This week, I figures I’d yack about Old School Essentials since they’ve got a Kickstarter going for a couple more Advanced books to add to the series. I started using/playing Old School Essentials when it was still BX Essentials. The name changed had nothing to do with the content of the game. It was to make the game more appealing to those who have no idea what BX means. And in case you are wondering it goes to the very old Basic/Expert sets of early D&D. Basic/Expert. BX. Get it?
Old School Essentials (OSE) is a clone of the old Basic/Expert sets like I said. Like most clones, it cleans up and organizes the material and fills in any gaping rules holes. The material is laid out clearly and easy to read and reference. As a bonus, it breaks down the material into separate books (Rules, Spells, Classes, Monsters, Treasure) for easy reference at the table. (Yes, it also consolidated into a Rules Tome as well.)
At first, I was really “meh” on it. Another BX clone? Yawn. I really don’t need this. I’ve got plenty of clones. Heck, I even have copies of my originals. So why in the world would I consider getting this? Well, I have to give credit where credit is due. One review changed my mind.
At that time, I was running Labyrinth Lord and decided to grab up a few of the books for reference at the table. Yes, I know there are many differences between the two. But I’m really laid back and just hand waved any differences in exchange for faster play at the table by having much of the material in an easy to reference format. I know I keep saying that but that’s real selling point on OSE, easily referenced material at the table.
If you’ve stopped by this blog more than once, you probably know that I really love house ruling and rules tweaking. Like most of the old school games, OSE isn’t any different. Any house rules that you may like or something cool from another clone, you can add to your game. Plus most of that old school material from around the web will easily work with little or no conversion. Last week, I said that Swords & Wizardry is my favorite of the old school games, OSE comes in as a close second. If you want to experience the game like it was back in the day and have it presented in clear and easily understood format and packed so it’s easy to reference at the table. Well, kids. OSE is there for you.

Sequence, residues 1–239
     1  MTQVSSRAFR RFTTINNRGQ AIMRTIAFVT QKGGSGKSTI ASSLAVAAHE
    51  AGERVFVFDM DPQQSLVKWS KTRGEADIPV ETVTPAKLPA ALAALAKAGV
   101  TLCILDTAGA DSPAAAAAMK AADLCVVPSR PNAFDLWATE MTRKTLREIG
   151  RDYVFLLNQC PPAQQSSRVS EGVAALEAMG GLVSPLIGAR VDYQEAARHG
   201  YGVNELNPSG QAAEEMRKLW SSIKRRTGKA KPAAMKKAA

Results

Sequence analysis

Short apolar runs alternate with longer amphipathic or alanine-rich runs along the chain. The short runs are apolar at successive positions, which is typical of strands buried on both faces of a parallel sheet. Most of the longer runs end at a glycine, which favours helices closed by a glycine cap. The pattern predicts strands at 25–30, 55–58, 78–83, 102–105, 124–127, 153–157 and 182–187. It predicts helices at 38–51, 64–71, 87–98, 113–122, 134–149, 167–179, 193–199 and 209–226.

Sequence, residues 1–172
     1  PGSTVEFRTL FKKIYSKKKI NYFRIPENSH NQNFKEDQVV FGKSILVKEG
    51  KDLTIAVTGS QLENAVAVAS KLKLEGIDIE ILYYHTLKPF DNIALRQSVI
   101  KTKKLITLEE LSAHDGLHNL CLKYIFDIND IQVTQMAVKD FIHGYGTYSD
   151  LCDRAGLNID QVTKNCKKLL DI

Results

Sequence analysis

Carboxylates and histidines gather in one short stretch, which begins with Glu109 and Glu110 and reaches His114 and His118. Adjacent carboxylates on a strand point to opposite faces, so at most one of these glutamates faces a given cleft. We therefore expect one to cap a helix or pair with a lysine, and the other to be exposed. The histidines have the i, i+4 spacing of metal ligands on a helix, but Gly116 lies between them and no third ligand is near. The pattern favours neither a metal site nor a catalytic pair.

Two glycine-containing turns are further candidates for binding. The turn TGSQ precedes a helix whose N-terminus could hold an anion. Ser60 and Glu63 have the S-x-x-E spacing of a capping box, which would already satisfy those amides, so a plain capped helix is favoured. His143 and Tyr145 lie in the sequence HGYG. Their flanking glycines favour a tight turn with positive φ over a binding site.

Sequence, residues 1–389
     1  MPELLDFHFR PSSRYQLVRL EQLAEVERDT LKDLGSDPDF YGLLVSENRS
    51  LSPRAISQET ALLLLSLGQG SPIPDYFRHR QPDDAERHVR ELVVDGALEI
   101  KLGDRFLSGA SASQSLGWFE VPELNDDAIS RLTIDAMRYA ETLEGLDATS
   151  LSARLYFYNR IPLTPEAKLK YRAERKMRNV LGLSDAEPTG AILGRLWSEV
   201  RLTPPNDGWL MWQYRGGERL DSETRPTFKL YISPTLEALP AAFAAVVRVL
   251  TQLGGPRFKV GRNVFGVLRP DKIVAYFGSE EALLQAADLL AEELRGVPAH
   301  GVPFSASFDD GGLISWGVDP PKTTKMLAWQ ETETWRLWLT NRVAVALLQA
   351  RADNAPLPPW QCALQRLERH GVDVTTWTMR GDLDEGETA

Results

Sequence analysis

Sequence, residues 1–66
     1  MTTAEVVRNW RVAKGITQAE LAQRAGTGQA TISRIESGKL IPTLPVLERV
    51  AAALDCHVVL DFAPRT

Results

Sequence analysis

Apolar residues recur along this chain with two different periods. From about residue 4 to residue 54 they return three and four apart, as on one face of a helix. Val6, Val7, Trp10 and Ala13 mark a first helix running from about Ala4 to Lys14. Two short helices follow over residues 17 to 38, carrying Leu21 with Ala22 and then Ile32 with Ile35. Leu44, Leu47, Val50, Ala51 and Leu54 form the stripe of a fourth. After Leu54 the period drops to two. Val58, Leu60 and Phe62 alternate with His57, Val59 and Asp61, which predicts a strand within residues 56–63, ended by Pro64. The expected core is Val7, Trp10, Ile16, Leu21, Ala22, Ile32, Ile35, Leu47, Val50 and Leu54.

You can grab up Old School Essentials all over the web; DrivethruRPG, Necrotic Gnome’s site, and Exalted Funeral. Oh and I should mention that there’s an online SRD and generators available.
Combine Gamma World, Mutant Crawl Classics and Mutant Future and marry it up with very streamlined version of original Traveler, you get Cepheus Atom. That pretty much sums it up. So yep. Cepheus Atom is a gonzo post apocalyptic game. You could leave out the mutations and such go for a more Mad Max style game if you wanted to.
This is a an extremely streamlined version of the 2d6 Traveler style rules. Characters have only two stats; Endurance and Lifeblood. And there are only six skills (Combat, Knowledge, Physical, Social, Survival, and Technical). There’s no Professions or Careers and you won’t die in character generation which will take only minutes to do. Equipment runs the full spectrum of technology. Characters start with some “common” equipment which covers the usual things and includes primitive as well as “modern” equipment like guns and vehicles.
As characters adventure through the wastelands, they gain Contamination which means they mutate. The more Mutations, they more bizarre they get. And get too contaminated, they character just dies. Mutations are broken into Beneficial and Detrimental and each of those has levels of Minor, Medium and Major. There’s a pretty well rounded range of mutations from psychic powers to physical changes like thick skin or claws or just cosmetic. Some of the mutations are purposefully left vague to allow the player to come up with specifically what happens to the character.
You can’t have a gonzo post apocalyptic game without “Ancient” relics. These are the high tech (almost “magical”) gadgets that the characters can find but have no actual idea how they work. This usually ends up being some fun and occasionally disastrous moments as the characters attempt to figure out what the device is and how to use it. The list of relics in the book are pretty standard things from healing items to power armor.